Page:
Williams Embarks on Year of Inquiry to Confront Climate Change

Media contact: Noelle Lemoine, communications assistant; tele: (413) 597-4277; email: [email protected]

WILLIAMSTOWN, Mass., September 8, 2016—As the fall semester at Williams College gets under way, a series of speakers, events, and programming is planned for a thematic year of inquiry called “Confronting Climate Change.” Many of the events are open to the public; details about the events and the year of inquiry can be found on the college’s Sustainability website.

Confronting Climate Change was announced last fall by President Adam Falk and the Board of Trustees as part of the college’s comprehensive response to climate change.

As part of this initiative, the Williams community is reading The Sixth Extinction by Elizabeth Kolbert, Pulitzer Prize winner and the Class of 1946 Environmental Fellow-in-Residence, as its Williams Reads selection. The Sept. 17 convocation ceremony will honor five alumni with Bicentennial Medals for their achievements in fields related to sustainability and the environment.

Throughout the year, the college will host speakers who will address various aspects of climate change. The speakers include Van Jones, author and CNN contributor, who will discuss “Green Jobs, Not Jails” on September 28; alumna Maxine Burkett ’98, law professor at the University of Hawaii, who will speak on October 6 about climate justice; alumnus Mark Tercek ’79, president and CEO of The Nature Conservancy, who will visit October 12 to address the conservation community’s response to climate change; and Bill McKibben, founder of 350.org, the first planet-wide, grassroots climate change movement, who is scheduled to deliver a talk in April. At the invitation of the Williams College Museum of Art (WCMA), Ghana ThinkTank, an international art collective, will be on campus to collect problems related to climate change to be studied by think tanks in Indonesia and Morroco. An art installation at WCMA in January is part of the response from the think tanks. Students also will be engaged with the ThinkTank to gather video footage from the community.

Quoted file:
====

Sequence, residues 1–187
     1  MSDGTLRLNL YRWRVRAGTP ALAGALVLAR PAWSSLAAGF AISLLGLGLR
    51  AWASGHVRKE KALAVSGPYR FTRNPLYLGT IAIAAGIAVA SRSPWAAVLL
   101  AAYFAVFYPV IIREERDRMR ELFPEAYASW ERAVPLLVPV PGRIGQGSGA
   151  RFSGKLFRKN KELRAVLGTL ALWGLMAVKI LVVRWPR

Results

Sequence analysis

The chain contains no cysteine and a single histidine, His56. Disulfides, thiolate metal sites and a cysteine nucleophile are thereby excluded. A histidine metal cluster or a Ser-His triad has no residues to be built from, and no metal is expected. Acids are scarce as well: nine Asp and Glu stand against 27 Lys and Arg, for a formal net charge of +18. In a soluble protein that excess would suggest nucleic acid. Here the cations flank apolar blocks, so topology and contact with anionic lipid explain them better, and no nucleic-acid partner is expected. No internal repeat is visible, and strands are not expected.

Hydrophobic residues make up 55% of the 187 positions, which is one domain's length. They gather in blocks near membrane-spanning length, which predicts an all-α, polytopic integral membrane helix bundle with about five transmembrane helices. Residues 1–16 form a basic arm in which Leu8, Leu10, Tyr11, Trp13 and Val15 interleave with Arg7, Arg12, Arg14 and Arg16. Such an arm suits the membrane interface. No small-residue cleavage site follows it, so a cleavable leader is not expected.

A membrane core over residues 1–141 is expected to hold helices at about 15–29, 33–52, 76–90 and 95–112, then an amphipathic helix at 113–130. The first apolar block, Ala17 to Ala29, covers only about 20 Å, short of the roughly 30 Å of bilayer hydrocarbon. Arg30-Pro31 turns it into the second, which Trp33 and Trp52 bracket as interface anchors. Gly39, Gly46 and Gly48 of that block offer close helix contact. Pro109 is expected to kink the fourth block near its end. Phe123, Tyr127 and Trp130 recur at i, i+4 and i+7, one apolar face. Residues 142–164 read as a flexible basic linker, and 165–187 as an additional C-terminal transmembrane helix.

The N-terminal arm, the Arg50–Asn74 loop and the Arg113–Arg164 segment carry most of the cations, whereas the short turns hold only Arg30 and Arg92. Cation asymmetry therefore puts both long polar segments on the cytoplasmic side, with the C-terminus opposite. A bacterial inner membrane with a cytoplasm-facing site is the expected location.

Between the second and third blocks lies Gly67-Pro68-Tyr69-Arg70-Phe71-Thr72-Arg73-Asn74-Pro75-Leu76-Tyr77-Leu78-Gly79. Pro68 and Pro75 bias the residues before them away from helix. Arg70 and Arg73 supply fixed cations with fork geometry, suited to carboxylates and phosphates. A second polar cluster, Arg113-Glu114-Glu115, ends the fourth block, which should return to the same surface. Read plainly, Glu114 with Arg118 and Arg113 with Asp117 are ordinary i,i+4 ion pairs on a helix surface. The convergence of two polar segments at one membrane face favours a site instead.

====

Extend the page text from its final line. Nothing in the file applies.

In addition to the speaker series, the college community will be continuing its efforts to measure and reduce campus greenhouse gas emissions, including exercises such as the Wedge Exercise, planned for Winter Study Period. Throughout the summer, students collected and analyzed data to prepare for the Wedge Exercise, which not only identifies opportunities for reducing emissions, but also requires us to confront the difficult choices regarding what we are actually willing to sacrifice in order to reduce emissions.

In his annual letter to the community at the start of the fall semester, Falk also updated the campus on progress the college has made in the past year. He pointed to two local solar projects that the college provided financial support, announced that Hollander, Schapiro, and Horn halls would be outfitted with solar panels, and said a residential annex being planned for the Center for Development Economics would be net-zero for energy. Also, he announced the college now offers retirees and employees a “low carbon” investment fund, and major gift donors can now choose to have their gift to the college’s endowment invested in a fossil fuel-free fund.

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Founded in 1793, Williams College is the second-oldest institution of higher learning in Massachusetts. The college’s 2,000 students are taught by a faculty noted for the quality of their teaching and research, and the achievement of academic goals includes active participation of students with faculty in their research. Students’ educational experience is enriched by the residential campus environment in Williamstown, Mass., which provides a host of opportunities for interaction with one another and with faculty beyond the classroom. Admission decisions on U.S. applicants are made regardless of a student’s financial ability, and the college provides grants and other assistance to meet the demonstrated needs of all who are admitted.

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